Answer May has applied to Cal, MIT, and NYU. She believes her chances of getting in to these schools are as follows: P(Cal) = 55%P(MIT) = 45%P(NYU) = 60% P(Cal and MIT) = 20%P(MIT and NYU) = 20% P(all three) = 5%P(only NYU) = 10% What is the probability that May will be admitted to at least one of the schools? Disjoint Probabilities-400

Answer May has applied to Cal, MIT, and NYU. She believes her chances of getting in to these schools are as follows: P(Cal) = 55%P(MIT) = 45%P(NYU) = 60% P(Cal and MIT) = 20%P(MIT and NYU) = 20% P(all three) = 5%P(only NYU) = 10% Given that May is admitted to MIT, what is the probability that she will be admitted to NYU? Disjoint Probabilities-500

Answer May has applied to Cal, MIT, and NYU. She believes her chances of getting in to these schools are as follows: P(Cal) = 55%P(MIT) = 45%P(NYU) = 60% P(Cal and MIT) = 20%P(MIT and NYU) = 20% P(all three) = 5%P(only NYU) = 10% Given that May is admitted to Cal, what is the probability that she will be admitted to MIT but not NYU? Disjoint Probabilities-600

May has applied to Cal, MIT, and NYU. She believes her chances of getting in to these schools are as follows: P(Cal) = 55%P(MIT) = 45%P(NYU) = 60% P(Cal and MIT) = 20%P(MIT and NYU) = 20% P(all three) = 5%P(only NYU) = 10% What is the probability that May will be admitted to none? ANS: 10% Disjoint Probabilities-100 Answer

May has applied to Cal, MIT, and NYU. She believes her chances of getting in to these schools are as follows: P(Cal) = 55%P(MIT) = 45%P(NYU) = 60% P(Cal and MIT) = 20%P(MIT and NYU) = 20% P(all three) = 5%P(only NYU) = 10% What is the probability that May will be admitted to only Cal? ANS: 5% Disjoint Probabilities-200 Answer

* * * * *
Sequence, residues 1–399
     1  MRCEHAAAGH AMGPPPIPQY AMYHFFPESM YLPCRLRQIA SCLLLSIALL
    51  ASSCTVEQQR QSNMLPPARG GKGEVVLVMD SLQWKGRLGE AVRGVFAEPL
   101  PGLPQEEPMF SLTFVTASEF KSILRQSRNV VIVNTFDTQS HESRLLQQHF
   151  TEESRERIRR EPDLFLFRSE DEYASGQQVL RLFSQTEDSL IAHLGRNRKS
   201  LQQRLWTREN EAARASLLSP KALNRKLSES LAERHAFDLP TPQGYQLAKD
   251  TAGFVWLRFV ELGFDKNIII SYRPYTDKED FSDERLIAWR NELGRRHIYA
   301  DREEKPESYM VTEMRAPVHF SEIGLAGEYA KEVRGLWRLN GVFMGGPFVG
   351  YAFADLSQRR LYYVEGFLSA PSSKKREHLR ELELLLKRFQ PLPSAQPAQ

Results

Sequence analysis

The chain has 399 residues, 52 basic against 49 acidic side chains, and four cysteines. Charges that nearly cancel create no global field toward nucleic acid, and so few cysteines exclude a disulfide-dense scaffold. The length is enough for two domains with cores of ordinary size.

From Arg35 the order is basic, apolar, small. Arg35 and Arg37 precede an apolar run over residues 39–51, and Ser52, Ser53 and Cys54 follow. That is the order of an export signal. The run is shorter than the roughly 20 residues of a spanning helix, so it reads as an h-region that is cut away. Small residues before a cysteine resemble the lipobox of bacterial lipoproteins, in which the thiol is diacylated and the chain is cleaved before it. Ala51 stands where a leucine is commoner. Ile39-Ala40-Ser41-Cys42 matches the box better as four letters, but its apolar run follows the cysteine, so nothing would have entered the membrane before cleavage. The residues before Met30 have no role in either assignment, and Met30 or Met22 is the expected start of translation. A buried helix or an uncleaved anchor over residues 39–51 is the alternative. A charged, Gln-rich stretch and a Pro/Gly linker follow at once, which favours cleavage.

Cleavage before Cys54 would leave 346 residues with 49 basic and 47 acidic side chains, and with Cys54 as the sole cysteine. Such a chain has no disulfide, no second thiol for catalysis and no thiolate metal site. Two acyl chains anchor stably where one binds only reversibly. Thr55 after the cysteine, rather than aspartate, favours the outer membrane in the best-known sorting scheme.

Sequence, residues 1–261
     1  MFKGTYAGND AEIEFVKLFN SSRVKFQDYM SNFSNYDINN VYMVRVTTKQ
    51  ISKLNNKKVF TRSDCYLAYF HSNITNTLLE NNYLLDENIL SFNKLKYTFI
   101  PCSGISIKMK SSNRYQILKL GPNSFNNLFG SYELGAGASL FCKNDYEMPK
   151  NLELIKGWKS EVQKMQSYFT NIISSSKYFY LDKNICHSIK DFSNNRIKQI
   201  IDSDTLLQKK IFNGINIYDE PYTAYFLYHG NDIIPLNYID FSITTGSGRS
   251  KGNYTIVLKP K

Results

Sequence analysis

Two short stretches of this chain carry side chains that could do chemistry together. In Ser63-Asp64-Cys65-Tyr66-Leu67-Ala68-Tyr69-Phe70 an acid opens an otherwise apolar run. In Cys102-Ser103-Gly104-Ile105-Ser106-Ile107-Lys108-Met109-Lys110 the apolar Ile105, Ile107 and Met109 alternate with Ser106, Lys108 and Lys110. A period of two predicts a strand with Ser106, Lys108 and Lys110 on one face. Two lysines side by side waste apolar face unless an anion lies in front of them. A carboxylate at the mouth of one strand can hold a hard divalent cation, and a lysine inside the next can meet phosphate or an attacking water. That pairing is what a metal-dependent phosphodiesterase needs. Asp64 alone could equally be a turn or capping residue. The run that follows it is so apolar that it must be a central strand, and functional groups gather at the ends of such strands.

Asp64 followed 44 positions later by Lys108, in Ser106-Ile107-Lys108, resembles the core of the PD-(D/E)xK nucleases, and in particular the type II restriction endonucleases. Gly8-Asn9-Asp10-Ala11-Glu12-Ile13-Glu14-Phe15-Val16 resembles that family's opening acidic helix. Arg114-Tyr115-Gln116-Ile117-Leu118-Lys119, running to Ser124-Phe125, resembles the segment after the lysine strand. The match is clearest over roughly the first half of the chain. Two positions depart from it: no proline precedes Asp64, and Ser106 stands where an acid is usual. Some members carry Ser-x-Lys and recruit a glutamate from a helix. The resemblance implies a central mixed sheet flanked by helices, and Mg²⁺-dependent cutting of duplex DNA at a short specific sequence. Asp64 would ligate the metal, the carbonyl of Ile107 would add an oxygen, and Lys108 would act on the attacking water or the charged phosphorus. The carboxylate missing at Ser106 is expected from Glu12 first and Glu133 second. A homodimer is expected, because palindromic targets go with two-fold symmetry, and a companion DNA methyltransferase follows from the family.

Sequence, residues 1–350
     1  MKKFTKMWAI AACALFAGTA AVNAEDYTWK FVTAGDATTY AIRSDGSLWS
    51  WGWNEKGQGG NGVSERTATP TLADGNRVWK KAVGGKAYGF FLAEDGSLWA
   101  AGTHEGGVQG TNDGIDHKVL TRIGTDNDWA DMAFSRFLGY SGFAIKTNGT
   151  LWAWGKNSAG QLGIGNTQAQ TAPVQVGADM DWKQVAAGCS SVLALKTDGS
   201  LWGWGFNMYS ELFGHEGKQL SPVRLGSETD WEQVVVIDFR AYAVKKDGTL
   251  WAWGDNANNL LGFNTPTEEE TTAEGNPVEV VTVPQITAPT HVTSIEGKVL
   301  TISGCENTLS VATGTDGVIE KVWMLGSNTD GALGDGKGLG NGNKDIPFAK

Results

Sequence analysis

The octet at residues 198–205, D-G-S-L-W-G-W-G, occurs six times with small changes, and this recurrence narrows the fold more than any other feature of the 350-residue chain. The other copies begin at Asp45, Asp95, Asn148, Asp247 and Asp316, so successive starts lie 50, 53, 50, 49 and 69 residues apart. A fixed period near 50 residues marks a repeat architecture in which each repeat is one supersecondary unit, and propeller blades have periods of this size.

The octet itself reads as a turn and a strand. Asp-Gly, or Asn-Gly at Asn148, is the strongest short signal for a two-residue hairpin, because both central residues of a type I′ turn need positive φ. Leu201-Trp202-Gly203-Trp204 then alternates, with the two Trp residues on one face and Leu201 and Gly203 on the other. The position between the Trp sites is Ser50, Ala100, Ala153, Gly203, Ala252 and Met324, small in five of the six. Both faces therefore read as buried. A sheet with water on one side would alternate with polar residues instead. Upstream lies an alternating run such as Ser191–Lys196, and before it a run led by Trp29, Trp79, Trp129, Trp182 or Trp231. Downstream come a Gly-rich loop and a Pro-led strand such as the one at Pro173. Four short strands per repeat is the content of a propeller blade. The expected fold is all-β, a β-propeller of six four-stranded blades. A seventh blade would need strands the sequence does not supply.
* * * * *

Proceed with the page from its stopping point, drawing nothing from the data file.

May has applied to Cal, MIT, and NYU. She believes her chances of getting in to these schools are as follows: P(Cal) = 55%P(MIT) = 45%P(NYU) = 60% P(Cal and MIT) = 20%P(MIT and NYU) = 20% P(all three) = 5%P(only NYU) = 10% What is the probability that May will be admitted to Cal or MIT but not NYU? ANS: 30% Disjoint Probabilities-300 Answer

May has applied to Cal, MIT, and NYU. She believes her chances of getting in to these schools are as follows: P(Cal) = 55%P(MIT) = 45%P(NYU) = 60% P(Cal and MIT) = 20%P(MIT and NYU) = 20% P(all three) = 5%P(only NYU) = 10% What is the probability that May will be admitted to at least one of the schools? ANS: 90% Disjoint Probabilities-400 Answer

May has applied to Cal, MIT, and NYU. She believes her chances of getting in to these schools are as follows: P(Cal) = 55%P(MIT) = 45%P(NYU) = 60% P(Cal and MIT) = 20%P(MIT and NYU) = 20% P(all three) = 5%P(only NYU) = 10% Given that May is admitted to MIT, what is the probability that she will be admitted to NYU? ANS: 0.2/0.45=0.4444 Disjoint Probabilities-500 Answer

Disjoint Probabilities-600 Answer May has applied to Cal, MIT, and NYU. She believes her chances of getting in to these schools are as follows: P(Cal) = 55%P(MIT) = 45%P(NYU) = 60% P(Cal and MIT) = 20%P(MIT and NYU) = 20% P(all three) = 5%P(only NYU) = 10% Given that May is admitted to Cal, what is the probability that she will be admitted to MIT but not NYU? ANS: 0.15/0.55=0.2727